by Amie Sites
Similar interests, past memorabilia and historic displays will be highlighted at the Cass County Homemakers Spring Fling. The event will begin at 6:30 p.m. Thursday at the Cass County 4-H Community Center to celebrate the state homemaker association’s 100th anniversary.
Connie Stevens, Cass County Extension Homemaker president, Sharon Samuels, Cass County Extension Homemaker secretary, and Pat Lefebure, of Clay Township Homemakers of Cass County, gathered to look through past newspapers, booklets and meeting agendas in preparation for Thursday’s spring program.
Looking back at the history has been entertaining, Stevens said. A home extension planning booklet has been published each year since 1946.
“The old crafts, arts are being lost,” Stevens said. “Canning and gardening, to me, are necessities.”
The Cass County Indiana Extension Homemakers Association was developed a century years ago to facilitate what homemakers do, Lefebure said. The Cass County clubs, usually named after the township or location they’re from, have a mission to strengthen families through continuing education, leadership development and volunteer community support.
“A lot of people don’t know Homemakers exist,” Lefebure said. “It’s a good, informative organization and we are able to do a lot of service projects.”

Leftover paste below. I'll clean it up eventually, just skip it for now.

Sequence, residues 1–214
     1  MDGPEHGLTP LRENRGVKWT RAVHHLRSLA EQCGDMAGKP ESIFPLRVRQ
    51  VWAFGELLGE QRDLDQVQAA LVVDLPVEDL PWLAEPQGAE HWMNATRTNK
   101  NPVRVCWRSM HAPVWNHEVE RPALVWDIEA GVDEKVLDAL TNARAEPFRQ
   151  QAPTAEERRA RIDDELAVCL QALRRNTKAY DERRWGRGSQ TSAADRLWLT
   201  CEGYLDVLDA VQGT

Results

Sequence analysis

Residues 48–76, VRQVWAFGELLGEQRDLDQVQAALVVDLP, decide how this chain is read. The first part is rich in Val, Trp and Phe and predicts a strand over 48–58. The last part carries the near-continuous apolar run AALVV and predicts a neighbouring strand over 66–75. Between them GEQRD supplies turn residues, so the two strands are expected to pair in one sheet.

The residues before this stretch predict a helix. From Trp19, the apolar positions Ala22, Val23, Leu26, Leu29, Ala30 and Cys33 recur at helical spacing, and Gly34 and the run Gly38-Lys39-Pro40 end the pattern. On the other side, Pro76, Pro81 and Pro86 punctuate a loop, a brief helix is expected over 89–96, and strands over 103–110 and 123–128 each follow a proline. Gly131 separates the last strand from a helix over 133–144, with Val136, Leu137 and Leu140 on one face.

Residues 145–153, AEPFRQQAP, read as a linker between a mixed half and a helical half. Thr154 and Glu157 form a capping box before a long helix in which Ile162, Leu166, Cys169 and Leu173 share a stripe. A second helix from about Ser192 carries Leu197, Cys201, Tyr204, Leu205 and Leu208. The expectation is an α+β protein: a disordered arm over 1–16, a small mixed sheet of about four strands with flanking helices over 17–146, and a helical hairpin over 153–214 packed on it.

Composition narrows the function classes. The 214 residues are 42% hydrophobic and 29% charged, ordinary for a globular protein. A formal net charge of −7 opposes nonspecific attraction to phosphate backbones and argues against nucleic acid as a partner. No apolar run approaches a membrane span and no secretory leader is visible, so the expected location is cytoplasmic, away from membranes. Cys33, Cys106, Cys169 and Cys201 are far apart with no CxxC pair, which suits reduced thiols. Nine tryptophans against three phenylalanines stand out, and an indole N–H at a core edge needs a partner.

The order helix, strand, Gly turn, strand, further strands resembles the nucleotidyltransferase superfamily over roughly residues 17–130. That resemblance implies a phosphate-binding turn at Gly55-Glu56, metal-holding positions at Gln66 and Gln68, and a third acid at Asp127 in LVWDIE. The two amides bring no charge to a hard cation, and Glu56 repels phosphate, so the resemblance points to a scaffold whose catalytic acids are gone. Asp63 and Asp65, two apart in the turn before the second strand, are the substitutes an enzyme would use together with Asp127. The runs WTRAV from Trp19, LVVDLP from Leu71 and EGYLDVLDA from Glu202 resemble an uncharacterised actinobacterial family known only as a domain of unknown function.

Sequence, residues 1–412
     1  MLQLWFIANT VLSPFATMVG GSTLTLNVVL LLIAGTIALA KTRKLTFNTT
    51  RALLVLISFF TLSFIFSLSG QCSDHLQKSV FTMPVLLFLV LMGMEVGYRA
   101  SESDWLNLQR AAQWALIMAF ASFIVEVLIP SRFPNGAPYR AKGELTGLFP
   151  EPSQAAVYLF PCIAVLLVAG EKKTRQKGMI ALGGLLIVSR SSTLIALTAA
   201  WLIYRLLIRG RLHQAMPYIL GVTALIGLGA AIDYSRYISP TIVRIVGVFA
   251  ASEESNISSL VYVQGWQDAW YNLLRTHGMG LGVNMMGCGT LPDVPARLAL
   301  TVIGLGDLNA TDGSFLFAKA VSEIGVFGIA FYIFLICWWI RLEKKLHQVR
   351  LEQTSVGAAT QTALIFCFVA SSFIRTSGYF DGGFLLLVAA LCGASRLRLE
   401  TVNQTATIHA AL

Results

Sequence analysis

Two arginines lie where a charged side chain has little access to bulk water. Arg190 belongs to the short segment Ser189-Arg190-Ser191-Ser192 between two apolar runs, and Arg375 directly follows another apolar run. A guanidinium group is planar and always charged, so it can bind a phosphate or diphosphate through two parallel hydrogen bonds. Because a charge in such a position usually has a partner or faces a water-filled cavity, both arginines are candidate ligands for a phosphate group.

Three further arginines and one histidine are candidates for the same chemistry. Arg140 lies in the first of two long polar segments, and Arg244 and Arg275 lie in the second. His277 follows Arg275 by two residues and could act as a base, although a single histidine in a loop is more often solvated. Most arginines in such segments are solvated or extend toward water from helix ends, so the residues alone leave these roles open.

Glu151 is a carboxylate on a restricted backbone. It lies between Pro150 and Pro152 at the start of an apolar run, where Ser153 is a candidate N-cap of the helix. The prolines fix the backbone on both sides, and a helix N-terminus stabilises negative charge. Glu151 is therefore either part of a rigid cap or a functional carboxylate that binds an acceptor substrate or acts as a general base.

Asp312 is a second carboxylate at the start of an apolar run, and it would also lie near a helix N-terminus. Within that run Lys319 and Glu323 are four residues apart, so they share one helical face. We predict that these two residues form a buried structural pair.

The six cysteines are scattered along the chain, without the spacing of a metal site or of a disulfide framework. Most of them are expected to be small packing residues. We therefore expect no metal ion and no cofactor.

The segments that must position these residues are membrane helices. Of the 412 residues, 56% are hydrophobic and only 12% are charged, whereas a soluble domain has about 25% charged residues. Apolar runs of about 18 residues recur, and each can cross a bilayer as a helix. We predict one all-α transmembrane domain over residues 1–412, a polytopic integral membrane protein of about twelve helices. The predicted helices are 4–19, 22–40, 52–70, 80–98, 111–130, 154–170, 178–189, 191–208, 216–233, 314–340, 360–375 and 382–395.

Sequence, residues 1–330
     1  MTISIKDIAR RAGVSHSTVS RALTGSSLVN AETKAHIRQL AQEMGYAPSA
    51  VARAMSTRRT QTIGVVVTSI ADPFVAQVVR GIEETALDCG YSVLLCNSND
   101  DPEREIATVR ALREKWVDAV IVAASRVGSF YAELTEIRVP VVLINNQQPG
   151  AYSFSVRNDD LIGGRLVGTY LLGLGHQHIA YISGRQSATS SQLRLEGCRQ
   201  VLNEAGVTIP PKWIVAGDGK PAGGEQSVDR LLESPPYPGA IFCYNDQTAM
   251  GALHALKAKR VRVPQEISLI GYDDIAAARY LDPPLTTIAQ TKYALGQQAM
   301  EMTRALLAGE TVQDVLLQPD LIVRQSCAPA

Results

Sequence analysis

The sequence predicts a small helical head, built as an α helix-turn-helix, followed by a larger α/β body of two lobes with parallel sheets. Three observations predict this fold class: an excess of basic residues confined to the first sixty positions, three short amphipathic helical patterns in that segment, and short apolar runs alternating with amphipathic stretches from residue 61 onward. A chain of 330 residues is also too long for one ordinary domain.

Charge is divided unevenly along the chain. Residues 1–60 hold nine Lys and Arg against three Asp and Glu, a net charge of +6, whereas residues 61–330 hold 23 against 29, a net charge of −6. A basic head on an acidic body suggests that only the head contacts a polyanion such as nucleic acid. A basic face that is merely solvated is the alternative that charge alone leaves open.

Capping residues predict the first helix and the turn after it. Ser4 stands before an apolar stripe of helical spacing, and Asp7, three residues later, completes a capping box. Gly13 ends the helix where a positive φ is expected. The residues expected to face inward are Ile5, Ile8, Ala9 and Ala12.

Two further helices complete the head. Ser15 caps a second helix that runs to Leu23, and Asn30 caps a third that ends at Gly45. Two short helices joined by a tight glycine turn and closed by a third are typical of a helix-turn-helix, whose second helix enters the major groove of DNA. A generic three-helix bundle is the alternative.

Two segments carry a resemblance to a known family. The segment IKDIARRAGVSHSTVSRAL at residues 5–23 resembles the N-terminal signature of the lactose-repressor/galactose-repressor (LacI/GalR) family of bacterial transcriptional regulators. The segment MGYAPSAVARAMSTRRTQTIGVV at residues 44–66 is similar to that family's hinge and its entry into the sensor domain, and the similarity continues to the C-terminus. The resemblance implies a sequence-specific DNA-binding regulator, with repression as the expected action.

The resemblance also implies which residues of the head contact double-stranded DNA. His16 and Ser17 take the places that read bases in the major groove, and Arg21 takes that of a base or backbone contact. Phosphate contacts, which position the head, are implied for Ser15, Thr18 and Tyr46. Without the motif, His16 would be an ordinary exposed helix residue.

Some of those projects include three scholarships totaling $1,500, donating almost $10,000 to the renovation of the 4-H community center and $1,000 to a state IEHA-sponsored water bottle project. They also furnish the prizes for one of the local winter blood drives and have the only permanent 4-H Fair food booth on the fairgrounds.
Memorabilia including newspapers, yearly booklets and cookbooks will be placed on the tables at the spring fling event for guests to peruse.
Stevens smiled as she described a cookbook the county published in 1926 that had recipes for vinegar pie and ammonia cookies and several recipes which called for butter the size of an egg, another the size of a hickory nut.
The name has changed over the years, but the organization has had the same mission. The club started as the Cass County Federation of Clubs, then became Home Economics Extension Clubs of Indiana and today is known as the Cass County Extension Homemakers, Lefebure said.
The Extension homemakers do many other activities including sponsoring a craft show in November and exhibiting crafts and foods in the Extension-sponsored display at the 4-H Fair.
Stevens said the highest number of members was in 1951 when there were 1,044 people.
“Current members are aging and young ladies are too busy,” Lefebure said. “People’s interest have changed and a lot of people don’t know about club.”
Lefebure said they are trying to attract new members because the clubs are getting smaller. Lefebure, a member for 23 years, said she enjoys the people. Twelve clubs remain in existence today.
Those Extension clubs meet monthly in different areas. Those interested in joining or attending the spring fling can call the Extension office at 753-7750.
“Homemakers have been very instrumental to Cass County,” Stevens said. “They’ve been instrumental to progress and growth.”
Amie Sites is community news editor for the Pharos-Tribune. She can be reached at email@example.com or 574-732-5150.
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